The best thing about this school is the community feeling that is always present on campus. Because it is a small school, you...
The best thing about this school is the community feeling that is always present on campus. Because it is a small school, you recognize almost everyone as you walk through the halls or quad, your professors greet you as you pass, and class sizes are relatively small with personalized attention if necessary. The campus is beautiful, and often the first reaction I get when I tell others I attend Fisher, or one of the first things I bring up about the school. The community and location is also something that is great about this school, it is located close to downtown Rochester as well as the nice, homey town of Pittsford where leaving campus to catch a movie or a bite to eat is easy and accessible. One of the things that other students and I would like to change is that Fisher focuses a lot on the popular majors--pharmacy, education, nursing--where majors with fewer students get less attention from the school's administration. The professors in these less popular subjects are still passionate and have a lot of knowledge to pass on though, which makes me enjoy classes more than I'd expected.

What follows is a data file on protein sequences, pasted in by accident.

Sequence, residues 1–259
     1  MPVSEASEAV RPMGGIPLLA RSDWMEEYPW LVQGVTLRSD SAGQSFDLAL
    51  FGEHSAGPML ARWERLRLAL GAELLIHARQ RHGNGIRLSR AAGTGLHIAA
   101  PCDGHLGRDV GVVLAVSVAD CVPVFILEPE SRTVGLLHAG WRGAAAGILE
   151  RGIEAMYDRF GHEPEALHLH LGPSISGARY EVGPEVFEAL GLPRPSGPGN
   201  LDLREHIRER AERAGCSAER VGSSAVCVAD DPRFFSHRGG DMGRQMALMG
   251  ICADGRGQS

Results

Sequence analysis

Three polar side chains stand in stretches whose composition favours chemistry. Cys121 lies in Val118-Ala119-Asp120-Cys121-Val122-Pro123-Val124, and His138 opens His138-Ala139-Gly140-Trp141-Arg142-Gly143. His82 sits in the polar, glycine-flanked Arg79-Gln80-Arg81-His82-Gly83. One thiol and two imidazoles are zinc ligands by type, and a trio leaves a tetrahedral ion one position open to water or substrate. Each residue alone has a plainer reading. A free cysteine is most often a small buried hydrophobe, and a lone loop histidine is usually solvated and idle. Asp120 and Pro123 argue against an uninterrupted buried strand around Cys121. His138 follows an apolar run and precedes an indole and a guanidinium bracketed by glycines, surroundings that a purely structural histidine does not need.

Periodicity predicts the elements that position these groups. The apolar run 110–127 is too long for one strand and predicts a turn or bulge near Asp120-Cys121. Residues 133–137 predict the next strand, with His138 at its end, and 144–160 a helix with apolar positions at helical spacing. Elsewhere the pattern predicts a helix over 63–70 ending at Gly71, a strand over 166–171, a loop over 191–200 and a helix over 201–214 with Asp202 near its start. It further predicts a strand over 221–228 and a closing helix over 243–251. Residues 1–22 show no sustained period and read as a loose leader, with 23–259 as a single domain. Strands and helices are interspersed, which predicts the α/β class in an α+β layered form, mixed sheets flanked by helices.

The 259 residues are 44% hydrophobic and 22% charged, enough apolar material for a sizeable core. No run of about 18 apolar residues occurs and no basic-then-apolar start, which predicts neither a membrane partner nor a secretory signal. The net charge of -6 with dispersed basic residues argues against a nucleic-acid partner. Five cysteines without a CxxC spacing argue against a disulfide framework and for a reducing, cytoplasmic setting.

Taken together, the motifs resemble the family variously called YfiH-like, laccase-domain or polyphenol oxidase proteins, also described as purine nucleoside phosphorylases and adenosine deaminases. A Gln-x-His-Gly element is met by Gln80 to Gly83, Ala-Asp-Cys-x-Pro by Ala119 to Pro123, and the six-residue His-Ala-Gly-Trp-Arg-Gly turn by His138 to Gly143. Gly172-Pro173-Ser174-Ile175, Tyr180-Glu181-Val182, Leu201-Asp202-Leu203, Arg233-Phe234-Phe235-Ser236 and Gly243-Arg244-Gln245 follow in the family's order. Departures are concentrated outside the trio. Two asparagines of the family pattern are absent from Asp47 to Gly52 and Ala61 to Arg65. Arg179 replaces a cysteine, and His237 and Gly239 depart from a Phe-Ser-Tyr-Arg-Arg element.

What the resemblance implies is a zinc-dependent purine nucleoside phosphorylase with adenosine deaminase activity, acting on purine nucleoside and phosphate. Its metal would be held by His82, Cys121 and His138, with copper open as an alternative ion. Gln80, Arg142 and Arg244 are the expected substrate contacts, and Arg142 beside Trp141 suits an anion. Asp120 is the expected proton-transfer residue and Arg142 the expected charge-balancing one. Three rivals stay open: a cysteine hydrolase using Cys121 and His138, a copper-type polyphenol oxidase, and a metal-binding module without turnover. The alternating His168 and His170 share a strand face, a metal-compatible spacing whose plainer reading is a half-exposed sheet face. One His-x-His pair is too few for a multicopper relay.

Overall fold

Fisher strives to promote diversity and works to expand it, but currently a majority of the students are white, upper-middle class, and are from the western New York area. A typical student would be seen in class wearing jeans, Uggs, and often a Fisher hoodie. This does not define all students though. Some on campus are wearing sweatpants or pajamas; others wear dresses or professional attire. This does not prevent different students from interacting though. While many groups of friends are very similar in style, people are not excluded because of their style. Everyone interacts amicably with others, and there is little discrimination. Fisher doesn't focus much on politics so students are not usually politically active or aware; focus is usually placed on sciences. Future income is a topic of discussion that comes up among students both in and out of classes, but usually this is only upperclassmen discussing money.